All Tracks Math Combinatorics Inclusion-Exclusion Problem

Candy Distribution
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Raj is a Maths teacher at $$XYZ$$ Public School. He admires students who pay attention in class and is very strict to the undisciplined ones. Himanshu is the most sincere student of his class while Dev is the most undisciplined one.

XYZ Public School is celebrating Teacher's Day today. So, Raj needs to distribute candies in his class. Unfortunately all the students except Himanshu and Dev are busy in celebration. Raj has N candies with him. He will distribute them among Himanshu and Dev. Since Raj admires Himanshu, he will give Himanshu strictly more candies than Dev. Raj gives X candies to Himanshu and Y candies to Dev. (X>Y and X+Y=N). The distribution process is a bit weird. Raj doesn't give all the candies at once. He distributes them one at a time.

Suppose he has $$3$$ candies and he gave $$2$$ to Himanshu and $$1$$ to Dev, the possible distributions are:

1. $$1$$st candy to Himanshu, $$2$$nd to Dev, $$3$$rd to Himanshu.

2. $$1$$st to Himanshu, $$2$$nd to Himanshu, $$3$$rd to Dev.

3. $$1$$st to Dev, $$2$$nd to Himanshu and $$3$$rd to Himanshu.

So in total there are $$3$$ possible distributions.

Raj wants to know in how many such distributions, Himanshu has strictly more candies than Dev throughout the distribution.

So let us examine the previous example. The candy distribution at each step are:

We will assume H denotes Himanshu and D denotes Dev.

Distribution $$1$$:- After 1st candy (H-1, D-0), after 2nd candy (H-1,D-1), after 3rd candy (H-2,D-1). So we see that after second candy H doesn't have greater candy than D so this distribution is not valid for Raj.

Distribution 2: After 1st candy (H-1,D-0), after 2nd candy (H-2,D-0),after 3rd candy (H-2,D-1). So this is a valid distribution as H always have greater candy than D.

Distribution 3: After 1st candy (H-0,D-1), after 2nd candy (H-1,D-1), after 3rd candy (H-2.D-1). This is again not a valid distribution because of (H-0,D-1).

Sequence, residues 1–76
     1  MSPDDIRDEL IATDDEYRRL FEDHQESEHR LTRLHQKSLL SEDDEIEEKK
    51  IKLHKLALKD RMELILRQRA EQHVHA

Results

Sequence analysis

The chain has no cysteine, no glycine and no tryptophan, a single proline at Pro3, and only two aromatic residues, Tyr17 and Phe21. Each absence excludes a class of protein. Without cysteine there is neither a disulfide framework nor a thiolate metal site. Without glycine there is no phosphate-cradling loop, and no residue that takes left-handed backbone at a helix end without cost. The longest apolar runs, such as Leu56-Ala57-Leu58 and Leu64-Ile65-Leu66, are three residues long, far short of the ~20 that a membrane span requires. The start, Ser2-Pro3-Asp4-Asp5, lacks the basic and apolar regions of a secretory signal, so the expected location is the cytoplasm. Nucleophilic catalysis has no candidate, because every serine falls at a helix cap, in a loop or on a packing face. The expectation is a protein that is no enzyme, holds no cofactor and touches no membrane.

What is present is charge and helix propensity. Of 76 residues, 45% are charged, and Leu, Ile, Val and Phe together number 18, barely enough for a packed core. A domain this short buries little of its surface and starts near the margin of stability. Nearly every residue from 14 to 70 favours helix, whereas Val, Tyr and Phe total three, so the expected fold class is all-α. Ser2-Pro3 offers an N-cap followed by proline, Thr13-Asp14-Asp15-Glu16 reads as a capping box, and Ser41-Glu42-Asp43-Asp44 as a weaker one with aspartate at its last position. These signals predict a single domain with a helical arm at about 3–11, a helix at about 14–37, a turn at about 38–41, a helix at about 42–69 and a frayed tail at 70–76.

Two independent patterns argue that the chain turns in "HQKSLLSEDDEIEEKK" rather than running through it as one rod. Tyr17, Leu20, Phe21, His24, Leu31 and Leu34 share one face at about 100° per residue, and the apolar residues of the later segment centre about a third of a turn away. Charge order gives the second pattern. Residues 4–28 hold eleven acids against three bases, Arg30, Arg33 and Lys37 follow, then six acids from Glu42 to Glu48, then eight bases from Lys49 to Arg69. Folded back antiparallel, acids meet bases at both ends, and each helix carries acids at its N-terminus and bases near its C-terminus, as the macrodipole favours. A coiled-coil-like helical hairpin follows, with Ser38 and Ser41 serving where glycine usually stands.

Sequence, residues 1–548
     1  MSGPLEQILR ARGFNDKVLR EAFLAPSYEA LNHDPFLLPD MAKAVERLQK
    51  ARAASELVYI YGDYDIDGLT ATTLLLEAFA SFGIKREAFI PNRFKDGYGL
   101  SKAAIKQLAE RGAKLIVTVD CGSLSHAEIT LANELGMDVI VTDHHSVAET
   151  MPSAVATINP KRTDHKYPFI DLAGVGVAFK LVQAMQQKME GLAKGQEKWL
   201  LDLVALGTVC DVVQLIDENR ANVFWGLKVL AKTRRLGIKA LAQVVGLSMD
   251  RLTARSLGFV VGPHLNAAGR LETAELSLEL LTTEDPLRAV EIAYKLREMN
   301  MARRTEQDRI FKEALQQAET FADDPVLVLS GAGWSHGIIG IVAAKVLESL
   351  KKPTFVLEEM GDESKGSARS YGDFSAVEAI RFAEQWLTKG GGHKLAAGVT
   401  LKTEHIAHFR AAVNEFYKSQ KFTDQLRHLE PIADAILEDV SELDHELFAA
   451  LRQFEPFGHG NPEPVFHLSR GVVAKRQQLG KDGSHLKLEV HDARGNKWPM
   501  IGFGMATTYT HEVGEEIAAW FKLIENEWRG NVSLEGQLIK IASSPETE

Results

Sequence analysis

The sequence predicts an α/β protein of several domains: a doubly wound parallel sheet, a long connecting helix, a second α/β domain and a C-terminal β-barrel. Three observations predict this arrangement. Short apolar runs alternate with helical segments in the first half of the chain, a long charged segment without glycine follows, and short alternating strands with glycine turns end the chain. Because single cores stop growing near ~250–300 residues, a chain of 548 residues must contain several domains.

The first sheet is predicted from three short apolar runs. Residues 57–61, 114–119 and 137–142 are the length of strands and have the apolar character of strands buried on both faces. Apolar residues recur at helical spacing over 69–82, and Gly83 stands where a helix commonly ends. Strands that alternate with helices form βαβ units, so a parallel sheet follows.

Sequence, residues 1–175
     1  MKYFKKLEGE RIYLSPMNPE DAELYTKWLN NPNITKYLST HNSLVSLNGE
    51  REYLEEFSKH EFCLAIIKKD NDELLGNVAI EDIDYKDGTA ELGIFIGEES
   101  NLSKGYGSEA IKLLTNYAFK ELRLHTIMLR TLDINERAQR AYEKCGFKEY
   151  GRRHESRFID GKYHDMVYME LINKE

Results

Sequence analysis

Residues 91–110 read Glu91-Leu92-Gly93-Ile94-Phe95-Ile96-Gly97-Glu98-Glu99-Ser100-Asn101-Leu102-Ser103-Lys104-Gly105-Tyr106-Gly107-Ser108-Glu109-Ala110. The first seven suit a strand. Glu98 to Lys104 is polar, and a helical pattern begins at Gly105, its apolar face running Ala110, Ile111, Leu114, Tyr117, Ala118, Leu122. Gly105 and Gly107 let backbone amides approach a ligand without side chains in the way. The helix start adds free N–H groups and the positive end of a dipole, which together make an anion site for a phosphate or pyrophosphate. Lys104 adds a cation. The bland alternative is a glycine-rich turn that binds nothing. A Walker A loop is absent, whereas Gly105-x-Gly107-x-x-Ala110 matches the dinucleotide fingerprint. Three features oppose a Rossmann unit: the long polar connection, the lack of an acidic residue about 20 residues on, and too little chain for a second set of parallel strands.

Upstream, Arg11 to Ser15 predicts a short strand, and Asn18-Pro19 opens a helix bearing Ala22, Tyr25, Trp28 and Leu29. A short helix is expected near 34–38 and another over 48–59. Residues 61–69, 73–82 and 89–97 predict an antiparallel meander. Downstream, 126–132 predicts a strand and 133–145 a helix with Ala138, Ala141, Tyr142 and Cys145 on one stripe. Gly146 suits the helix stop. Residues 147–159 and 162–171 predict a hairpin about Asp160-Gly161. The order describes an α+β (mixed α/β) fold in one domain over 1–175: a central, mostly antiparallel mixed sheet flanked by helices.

So we have only 1 valid distribution.

Since the number of such distributions could be huge output them modulo $$10^9+7.$$

Input :

The First line contains an integer T denoting the number of test cases. Then we have T lines. Each line contains 3 space separated integers. N, X, Y that are the total number of candy, number of candy Himanshu gets and number of candy Dev gets respectively.

Output:

For each test case output the total number of valid distributions.

Constraints :

$$1$$ <= T <= $$10^3$$

$$1$$ <= N, <= $$10^6$$

$$0$$ <= Y < X <= $$N$$

SAMPLE INPUT
2
3 2 1
5 4 1
SAMPLE OUTPUT
1
3
Explanation

Input 1 is the one explained above.

Input 2: Following are the valid distributions

HHDHH, HHHDH, HHHHD

Time Limit: 1.0 sec(s) for each input file.
Memory Limit: 256 MB
Source Limit: 1024 KB
Marking Scheme: Marks are awarded when all the testcases pass.
Allowed Languages: C, C++, C++14, Clojure, C#, D, Erlang, F#, Go, Groovy, Haskell, Java, Java 8, JavaScript(Rhino), JavaScript(Node.js), Julia, Kotlin, Lisp, Lisp (SBCL), Lua, Objective-C, OCaml, Octave, Pascal, Perl, PHP, Python, Python 3, R(RScript), Racket, Ruby, Rust, Scala, Swift, Visual Basic

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This Problem was Asked in

HackerEarth

Challenge Name

January Easy '17

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